After their freshman campaign, Walker approached the coaches about his lifelong friend. He wanted Thomas to get the opportunity to play a role on offense.
"I asked if he could play receiver or running back … any chance where we could put the ball in his hands," Walker recalled. "My sophomore year, I knew we were going to be throwing a lot of bubble screens. I said, 'Jahad can help us offensively. We have to get the ball to him in space.' They gave him the opportunity week two of training camp – and he ran with it. He picked up the offense really, really fast.
"The things he does with the ball … he's never tackled one-on-one. If it's one-on-one and you think you've got him, guess again. He's real elusive. He really makes people miss."
Thomas acknowledged that he had talked to Walker about playing running back – but it wasn't something he would suggest to the coaches. Nor was it something he expected the quarterback to do on his behalf.
"He did that on his own," Thomas said. "We always talked about me playing offense; it's something I wanted to do. But I didn't tell anybody else. He put it out there, 'Just give him a shot. He'll do some things if you put the ball in his hands.' Summer camp, they made the change – and it's never been the same."
Sophomore year, Thomas played running back in a reserve role and kept improving. Last season, he moved into a full-time role – and led the Owls with 1,262 rushing yards and 1,677 all-purpose yards while scoring 19 touchdowns. Meanwhile, Walker passed for 2,972 yards and ran for an additional 215 – while accounting for 21 touchdowns. In the process, Temple cracked the Associated Press Top 25, went 10-4 overall and made a trip to the Boca Raton Bowl.
Just like in high school, Walker and Thomas have seen their football team improve each year.
The plan is to go out on a high note – the same way they did at Elizabeth High.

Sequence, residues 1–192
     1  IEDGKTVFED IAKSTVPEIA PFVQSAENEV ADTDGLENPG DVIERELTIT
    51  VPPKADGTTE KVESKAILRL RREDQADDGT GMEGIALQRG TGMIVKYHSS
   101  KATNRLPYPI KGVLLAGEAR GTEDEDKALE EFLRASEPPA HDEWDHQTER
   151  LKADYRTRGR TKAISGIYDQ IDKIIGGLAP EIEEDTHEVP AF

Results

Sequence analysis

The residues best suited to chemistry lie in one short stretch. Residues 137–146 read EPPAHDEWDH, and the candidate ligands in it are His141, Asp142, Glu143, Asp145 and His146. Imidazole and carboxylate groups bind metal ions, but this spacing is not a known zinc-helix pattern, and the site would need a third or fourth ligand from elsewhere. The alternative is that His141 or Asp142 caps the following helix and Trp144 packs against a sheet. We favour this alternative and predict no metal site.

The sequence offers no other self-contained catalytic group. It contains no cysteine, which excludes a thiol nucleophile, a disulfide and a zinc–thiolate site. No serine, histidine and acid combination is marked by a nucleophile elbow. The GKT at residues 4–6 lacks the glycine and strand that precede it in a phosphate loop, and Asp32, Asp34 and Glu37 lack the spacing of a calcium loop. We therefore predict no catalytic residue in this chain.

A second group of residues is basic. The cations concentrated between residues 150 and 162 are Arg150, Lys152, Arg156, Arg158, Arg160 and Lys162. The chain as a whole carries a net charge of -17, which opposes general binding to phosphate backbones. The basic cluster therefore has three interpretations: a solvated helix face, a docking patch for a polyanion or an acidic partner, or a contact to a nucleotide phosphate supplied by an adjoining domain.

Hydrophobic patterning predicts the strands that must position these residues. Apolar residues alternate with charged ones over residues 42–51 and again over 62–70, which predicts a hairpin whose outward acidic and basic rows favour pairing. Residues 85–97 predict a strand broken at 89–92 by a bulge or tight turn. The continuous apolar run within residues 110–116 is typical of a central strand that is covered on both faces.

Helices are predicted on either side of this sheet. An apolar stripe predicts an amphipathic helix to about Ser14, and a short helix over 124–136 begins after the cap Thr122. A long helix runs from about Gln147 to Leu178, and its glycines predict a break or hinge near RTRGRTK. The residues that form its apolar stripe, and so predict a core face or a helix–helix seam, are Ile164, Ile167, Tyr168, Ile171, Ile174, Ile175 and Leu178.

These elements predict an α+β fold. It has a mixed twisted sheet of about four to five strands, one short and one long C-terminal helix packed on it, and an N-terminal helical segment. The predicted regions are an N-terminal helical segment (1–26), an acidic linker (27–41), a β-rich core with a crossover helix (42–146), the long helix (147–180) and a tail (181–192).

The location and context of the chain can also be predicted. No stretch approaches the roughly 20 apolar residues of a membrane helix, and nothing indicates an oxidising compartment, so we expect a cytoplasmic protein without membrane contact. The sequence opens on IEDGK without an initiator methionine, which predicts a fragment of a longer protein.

"We Take It One Year At A Time"
Is this the final hurrah for Thomas and Walker as teammates? Certainly, that's a question only time will tell.
What is known is this will be a big year academically. Both are on pace to complete their undergraduate coursework this December. Walker is majoring in adult organizational development, while Thomas is a sociology major.
With his future in mind, Walker has taken the added step of asking that he be referred to by his given name – Phillip – after years of going by P.J.
"It's just a maturity thing," he said. "The older I get, I don't want to be known as P.J. I'd rather be called Phillip. That's where it all comes from. Just me … growing up."
On the football field, their goal is simple: Keep up the hard work.
"We take it one year at a time, but we do talk about the future," Walker said. "All this hard work we put in every year, man, it's coming to a point where it's going to be a business. We've done all this work for this big moment, and now we have to keep showing people all the hard work we've put in."
But off the field, the goal is always the same: Be there for each other.  It's always good to know you have somebody in your corner.
"It doesn't matter what it is," Thomas said. "To have somebody like that … in life … in football … when you're going through something. It's always good to have people like that in your life. Those are the kind of people you always have around for support. There's not that many things you can get through without that kind of help or encouragement or enthusiasm. Having somebody like that has definitely been a blessing."
"Any time I need him, any time I need to talk – he's always there," Walker said. "We hang out more than normal people hang out. We're always around each other. But it's like family; we always have each other's back."
They've had a heck of a story thus far. They can't wait to see how it's going to play out.